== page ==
1.  19
    Dirk Ulrich Gilbert & Michael Behnam (2009). Advancing Integrative Social Contracts Theory: A Habermasian Perspective. [REVIEW] Journal of Business Ethics 89 (2):215 - 234.
    We critically assess integrative social contracts theory (ISCT) and show that the concept particularly lacks of moral justification of substantive hypernorms. By drawing on Habermasian philosophy, in particular discourse ethics and its recent application in the theory of deliberative democracy , we further advance ISCT and show that social contracting in business ethics requires a well-justified procedural rather than a substantive focus for managing stakeholder relations. We also replace the monological concept of hypothetical thought experiments in ISCT by a concept (...)
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  2.  21
    Michael Behnam & Andreas Rasche (2009). 'Are Strategists From Mars and Ethicists From Venus?' – Strategizing as Ethical Reflection. Journal of Business Ethics 84 (1):79 - 88.
    Early strategy scholars have pointed to the importance of reflecting on moral issues within the scope of strategic management. Although strategy content and context have been discussed in relation to ethical reflection, the third aspect, strategy process, has found only little or no attention with regard to ethics. We argue that by emphasizing the process perspective one can understand the related character of strategic management and ethical reflection. We discuss this relatedness along formal, functional, and procedural similarities. Whereas formal aspects (...)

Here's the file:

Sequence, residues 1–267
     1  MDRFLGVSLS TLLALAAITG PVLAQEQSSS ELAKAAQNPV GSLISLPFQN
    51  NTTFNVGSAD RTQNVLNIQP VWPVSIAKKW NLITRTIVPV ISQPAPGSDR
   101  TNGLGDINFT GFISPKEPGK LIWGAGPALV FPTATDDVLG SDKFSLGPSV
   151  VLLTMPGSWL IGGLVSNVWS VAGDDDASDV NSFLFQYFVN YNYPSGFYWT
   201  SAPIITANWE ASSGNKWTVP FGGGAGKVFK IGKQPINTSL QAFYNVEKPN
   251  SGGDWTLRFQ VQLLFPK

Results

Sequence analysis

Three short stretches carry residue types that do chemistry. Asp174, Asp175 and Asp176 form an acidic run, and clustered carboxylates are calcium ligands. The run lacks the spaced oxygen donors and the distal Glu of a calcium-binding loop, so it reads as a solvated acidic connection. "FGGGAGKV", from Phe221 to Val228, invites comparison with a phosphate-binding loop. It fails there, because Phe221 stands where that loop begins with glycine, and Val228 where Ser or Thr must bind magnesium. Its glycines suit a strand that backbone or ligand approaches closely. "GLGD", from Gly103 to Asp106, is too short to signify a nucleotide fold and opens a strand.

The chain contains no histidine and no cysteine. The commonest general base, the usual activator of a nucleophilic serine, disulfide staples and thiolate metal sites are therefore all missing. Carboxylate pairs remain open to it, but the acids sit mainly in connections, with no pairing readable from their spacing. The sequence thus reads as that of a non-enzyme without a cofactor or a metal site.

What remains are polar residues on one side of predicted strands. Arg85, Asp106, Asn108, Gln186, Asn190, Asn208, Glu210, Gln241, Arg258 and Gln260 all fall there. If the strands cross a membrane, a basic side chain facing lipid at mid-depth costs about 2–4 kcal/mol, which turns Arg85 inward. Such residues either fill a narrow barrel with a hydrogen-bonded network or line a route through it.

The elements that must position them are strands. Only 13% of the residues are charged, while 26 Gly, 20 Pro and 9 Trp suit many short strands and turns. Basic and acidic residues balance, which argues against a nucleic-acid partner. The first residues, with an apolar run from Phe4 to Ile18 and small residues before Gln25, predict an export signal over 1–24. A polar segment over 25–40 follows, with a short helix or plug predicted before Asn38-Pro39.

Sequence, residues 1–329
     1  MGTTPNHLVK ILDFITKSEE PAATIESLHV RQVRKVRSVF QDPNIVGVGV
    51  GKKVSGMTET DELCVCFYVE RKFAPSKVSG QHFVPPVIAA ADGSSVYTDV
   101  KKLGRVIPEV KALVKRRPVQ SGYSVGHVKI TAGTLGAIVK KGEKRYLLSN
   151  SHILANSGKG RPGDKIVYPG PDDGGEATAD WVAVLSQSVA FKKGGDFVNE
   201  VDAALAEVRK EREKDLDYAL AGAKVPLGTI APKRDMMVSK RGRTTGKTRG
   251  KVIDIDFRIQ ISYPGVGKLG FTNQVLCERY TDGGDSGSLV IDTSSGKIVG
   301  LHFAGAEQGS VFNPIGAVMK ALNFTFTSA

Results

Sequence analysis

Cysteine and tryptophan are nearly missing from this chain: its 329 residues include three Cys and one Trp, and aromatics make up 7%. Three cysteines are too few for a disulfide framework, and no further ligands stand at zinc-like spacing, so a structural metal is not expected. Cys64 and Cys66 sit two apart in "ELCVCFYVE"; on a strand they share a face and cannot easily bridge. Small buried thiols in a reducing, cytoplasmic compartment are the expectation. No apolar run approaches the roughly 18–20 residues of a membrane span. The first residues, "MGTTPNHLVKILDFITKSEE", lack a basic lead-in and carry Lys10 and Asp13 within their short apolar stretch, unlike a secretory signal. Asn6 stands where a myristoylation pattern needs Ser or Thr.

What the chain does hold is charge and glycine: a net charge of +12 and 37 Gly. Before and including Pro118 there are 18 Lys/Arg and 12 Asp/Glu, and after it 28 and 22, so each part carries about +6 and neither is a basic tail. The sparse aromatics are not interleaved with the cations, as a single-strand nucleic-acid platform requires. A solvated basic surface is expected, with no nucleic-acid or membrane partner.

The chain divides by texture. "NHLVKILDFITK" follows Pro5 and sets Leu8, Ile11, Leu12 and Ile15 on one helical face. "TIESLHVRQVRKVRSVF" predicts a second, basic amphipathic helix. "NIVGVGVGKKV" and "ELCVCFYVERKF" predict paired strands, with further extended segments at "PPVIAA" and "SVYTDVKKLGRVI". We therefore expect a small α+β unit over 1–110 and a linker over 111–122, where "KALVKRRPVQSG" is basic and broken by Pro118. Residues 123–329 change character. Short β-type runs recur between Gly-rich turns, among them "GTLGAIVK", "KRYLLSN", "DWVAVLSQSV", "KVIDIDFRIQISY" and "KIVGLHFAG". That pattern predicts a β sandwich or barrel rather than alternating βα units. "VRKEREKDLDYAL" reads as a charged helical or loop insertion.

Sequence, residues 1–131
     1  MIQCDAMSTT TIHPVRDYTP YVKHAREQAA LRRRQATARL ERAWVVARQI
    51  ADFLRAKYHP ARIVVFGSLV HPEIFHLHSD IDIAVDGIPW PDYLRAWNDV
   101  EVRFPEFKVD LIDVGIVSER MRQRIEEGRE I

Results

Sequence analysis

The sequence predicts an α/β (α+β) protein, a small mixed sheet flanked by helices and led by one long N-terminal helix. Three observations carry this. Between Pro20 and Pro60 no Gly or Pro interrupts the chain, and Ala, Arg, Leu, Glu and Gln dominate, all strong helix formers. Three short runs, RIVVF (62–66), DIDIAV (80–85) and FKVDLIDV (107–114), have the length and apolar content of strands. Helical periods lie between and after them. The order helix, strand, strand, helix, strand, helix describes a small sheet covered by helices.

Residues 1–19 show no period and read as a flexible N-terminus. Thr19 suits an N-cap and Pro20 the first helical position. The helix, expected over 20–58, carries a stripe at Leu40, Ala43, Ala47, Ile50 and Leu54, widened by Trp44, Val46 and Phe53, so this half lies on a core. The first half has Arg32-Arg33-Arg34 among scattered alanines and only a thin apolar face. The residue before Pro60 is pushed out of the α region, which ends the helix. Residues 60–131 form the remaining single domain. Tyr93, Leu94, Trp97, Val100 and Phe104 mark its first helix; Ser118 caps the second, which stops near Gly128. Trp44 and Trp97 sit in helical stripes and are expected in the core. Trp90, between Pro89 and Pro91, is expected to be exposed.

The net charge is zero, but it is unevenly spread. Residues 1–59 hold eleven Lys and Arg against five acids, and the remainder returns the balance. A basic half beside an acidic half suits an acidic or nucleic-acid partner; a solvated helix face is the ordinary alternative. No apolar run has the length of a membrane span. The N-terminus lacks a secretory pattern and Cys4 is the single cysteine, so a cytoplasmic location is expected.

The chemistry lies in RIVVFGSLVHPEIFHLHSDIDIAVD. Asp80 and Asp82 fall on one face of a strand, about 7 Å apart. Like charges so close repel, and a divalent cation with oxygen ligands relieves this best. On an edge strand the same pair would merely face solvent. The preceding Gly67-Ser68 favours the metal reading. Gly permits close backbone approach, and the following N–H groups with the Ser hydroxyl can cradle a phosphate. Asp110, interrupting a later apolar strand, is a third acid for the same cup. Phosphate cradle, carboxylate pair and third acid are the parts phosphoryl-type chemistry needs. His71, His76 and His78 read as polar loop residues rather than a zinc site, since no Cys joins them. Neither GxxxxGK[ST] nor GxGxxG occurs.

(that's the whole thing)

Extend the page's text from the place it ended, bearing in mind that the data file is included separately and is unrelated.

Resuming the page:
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  3.  7
    Michael Behnam & Tammy MacLean (2009). Decoupling and International Accountability Standards. Proceedings of the International Association for Business and Society 20:218-226.
    There is a lack of research on why certain international accountability standards (IAS) are more prone than others to being decoupled from organizational practices. Applying a neo-institutional theory perspective to IAS we theorize that the structural dimensions of the standards themselves can increase the likelihood of organizations adopting IAS standards in form but not in function.
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